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BRI: A Leading Version of All-Around Opening Up

By Qiu Ping Source: Updated: 2024-03-18

In the new era which began in 2012, China has taken the Belt and Road Initiative (BRI) as the overarching design for opening up and international cooperation. In doing so, it has created a comprehensive framework for opening up with links running eastward and westward across land and over sea, established new systems for a higher-standard open economy, and built up new strengths in international economic cooperation and competition.

The BRI has helped better coordinate the opening up of coastal and inland regions. As a major move for both opening up and development, the BRI has been seamlessly integrated with major development strategies for Chinese regions, such as the Beijing-Tianjin-Hebei region, the Yangtze Economic Belt, and the Guangdong-Hong Kong-Macao Greater Bay Area, facilitating opening up that is more comprehensive and better coordinated. Over the decade, the central and western regions have leveraged their strengths to integrate themselves into the process of Belt and Road development, significantly raising their level of openness and transforming themselves from rearguards to front runners in this process. From 2013 to 2022, the share of foreign trade of the central and western regions increased from 13.5% to 19.2%, while their share of foreign investment rose from 7.8% to 14.7%.

The layout of Chinese trade and investment in traditional and emerging markets has also been improved. The BRI has helped Chinese enterprises consolidate traditional markets while venturing into emerging ones. China has enhanced cooperation with the countries of BRICS, ASEAN, Central and Eastern Europe, Africa, and Latin America, thus improving its global market layout. In 2022, China's trade with ASEAN accounted for 15.5% of its total foreign trade, making ASEAN China's top trading partner for three consecutive years.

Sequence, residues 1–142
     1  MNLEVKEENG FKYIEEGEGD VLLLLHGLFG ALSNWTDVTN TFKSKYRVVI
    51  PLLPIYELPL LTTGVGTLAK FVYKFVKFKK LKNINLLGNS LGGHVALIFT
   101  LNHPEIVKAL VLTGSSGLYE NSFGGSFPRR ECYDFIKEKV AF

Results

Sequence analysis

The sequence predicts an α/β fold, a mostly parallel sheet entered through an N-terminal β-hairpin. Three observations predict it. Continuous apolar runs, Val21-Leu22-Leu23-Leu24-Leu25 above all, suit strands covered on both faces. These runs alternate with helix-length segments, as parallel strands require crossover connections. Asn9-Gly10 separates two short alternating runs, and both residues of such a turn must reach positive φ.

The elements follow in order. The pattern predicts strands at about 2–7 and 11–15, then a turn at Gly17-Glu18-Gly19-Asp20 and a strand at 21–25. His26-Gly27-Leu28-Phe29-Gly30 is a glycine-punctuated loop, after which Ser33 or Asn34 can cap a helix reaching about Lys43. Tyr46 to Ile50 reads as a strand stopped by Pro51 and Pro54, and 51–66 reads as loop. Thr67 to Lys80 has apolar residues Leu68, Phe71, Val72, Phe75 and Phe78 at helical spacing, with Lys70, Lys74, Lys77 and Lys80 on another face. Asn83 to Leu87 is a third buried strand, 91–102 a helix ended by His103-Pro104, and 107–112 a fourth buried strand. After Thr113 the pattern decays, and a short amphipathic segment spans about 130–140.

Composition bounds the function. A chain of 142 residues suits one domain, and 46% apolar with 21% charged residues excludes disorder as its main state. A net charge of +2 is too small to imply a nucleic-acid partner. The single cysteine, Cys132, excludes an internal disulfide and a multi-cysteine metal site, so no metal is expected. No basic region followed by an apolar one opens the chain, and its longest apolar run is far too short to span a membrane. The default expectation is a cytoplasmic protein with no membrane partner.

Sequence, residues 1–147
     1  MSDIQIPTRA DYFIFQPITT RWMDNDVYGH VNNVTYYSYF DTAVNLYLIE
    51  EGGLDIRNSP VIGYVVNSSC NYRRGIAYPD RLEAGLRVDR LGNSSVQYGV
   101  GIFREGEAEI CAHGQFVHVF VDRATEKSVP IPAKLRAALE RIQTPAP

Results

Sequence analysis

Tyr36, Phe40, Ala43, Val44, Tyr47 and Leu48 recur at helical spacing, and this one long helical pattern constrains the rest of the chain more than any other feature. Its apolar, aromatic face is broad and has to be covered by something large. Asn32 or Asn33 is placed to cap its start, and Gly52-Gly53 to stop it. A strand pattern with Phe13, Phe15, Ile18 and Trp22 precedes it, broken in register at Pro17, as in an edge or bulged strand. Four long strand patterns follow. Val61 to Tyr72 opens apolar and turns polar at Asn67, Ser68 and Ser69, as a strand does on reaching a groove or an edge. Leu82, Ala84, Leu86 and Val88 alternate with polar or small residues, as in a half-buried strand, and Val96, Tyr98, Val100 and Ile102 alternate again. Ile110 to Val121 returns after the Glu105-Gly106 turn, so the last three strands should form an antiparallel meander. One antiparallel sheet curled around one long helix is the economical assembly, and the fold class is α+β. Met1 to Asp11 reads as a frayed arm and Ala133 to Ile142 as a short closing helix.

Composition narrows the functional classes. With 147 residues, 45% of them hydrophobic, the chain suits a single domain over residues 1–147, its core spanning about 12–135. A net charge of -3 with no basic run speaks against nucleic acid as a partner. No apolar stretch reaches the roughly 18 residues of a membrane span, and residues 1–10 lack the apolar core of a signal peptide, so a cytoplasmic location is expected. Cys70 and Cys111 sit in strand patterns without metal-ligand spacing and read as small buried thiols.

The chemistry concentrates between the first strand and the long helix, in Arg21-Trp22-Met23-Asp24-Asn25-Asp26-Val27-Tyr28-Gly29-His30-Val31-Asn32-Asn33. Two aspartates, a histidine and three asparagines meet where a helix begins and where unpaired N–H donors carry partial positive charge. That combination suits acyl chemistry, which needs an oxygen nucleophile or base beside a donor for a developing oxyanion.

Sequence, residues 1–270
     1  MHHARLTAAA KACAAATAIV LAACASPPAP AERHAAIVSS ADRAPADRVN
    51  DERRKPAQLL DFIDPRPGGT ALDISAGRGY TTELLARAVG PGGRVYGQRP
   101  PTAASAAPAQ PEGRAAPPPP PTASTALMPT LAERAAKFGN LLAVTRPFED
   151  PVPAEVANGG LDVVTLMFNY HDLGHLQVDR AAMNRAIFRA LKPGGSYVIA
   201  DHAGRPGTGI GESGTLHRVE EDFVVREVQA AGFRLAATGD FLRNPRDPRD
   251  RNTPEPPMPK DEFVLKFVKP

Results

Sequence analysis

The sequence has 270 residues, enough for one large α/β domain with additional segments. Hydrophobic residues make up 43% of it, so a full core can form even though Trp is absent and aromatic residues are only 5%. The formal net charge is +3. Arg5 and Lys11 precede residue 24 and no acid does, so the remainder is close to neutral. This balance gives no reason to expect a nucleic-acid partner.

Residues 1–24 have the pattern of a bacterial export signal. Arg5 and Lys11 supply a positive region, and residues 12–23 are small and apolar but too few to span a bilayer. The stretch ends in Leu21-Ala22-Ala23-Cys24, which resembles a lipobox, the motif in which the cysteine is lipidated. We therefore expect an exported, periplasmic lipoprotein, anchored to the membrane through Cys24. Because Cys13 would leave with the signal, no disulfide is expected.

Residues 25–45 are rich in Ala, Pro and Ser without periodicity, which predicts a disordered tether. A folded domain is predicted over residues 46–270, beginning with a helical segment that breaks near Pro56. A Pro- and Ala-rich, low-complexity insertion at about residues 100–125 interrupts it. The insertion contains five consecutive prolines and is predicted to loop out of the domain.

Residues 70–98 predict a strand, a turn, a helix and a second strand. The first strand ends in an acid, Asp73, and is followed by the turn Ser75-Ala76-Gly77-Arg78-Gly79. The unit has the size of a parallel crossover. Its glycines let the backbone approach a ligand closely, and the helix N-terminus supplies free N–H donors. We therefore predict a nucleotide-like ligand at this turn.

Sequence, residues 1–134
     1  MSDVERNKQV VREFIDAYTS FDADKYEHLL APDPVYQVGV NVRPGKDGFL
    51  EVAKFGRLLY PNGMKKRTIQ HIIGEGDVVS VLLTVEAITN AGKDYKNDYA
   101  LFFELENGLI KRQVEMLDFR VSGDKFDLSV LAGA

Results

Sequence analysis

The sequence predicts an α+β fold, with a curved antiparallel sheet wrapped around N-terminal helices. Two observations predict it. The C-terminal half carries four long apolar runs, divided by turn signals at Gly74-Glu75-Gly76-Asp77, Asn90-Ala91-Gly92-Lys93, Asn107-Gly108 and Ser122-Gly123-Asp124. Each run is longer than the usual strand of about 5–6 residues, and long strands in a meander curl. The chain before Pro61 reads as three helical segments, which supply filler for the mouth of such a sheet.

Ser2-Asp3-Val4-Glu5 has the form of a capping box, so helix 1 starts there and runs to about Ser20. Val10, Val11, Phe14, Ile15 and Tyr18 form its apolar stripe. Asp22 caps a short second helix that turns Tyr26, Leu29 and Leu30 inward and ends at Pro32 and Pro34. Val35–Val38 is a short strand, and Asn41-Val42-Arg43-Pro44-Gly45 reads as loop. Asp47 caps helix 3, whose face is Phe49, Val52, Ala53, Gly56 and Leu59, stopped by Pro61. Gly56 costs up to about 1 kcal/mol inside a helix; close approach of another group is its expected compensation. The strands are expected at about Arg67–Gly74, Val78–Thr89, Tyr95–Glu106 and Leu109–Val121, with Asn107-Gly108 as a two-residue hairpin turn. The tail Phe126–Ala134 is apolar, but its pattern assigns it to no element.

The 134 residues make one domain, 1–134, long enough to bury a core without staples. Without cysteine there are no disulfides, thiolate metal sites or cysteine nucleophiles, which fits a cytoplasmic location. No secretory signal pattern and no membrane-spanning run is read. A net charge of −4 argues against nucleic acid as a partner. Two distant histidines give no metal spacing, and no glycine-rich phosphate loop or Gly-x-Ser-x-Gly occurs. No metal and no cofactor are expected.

China has also advanced institutional opening up. In the past, opening up was largely limited to flows of commodities and production factors. Now however, it is being oriented more toward institutions, covering rules, regulations, management, and standards. In pilot free-trade zones and ports with the right conditions, China has been piloting institutional opening up in line with high international standards. On this basis, China has accelerated comprehensive trials to align with high-standard international economic and trade rules. Over the past decade, the negative list for foreign investment access in pilot free trade zones has been significantly downsized, falling from 190 items to 27, with manufacturing items on these negative lists dropping to zero.

Editor: Jiang Wenyan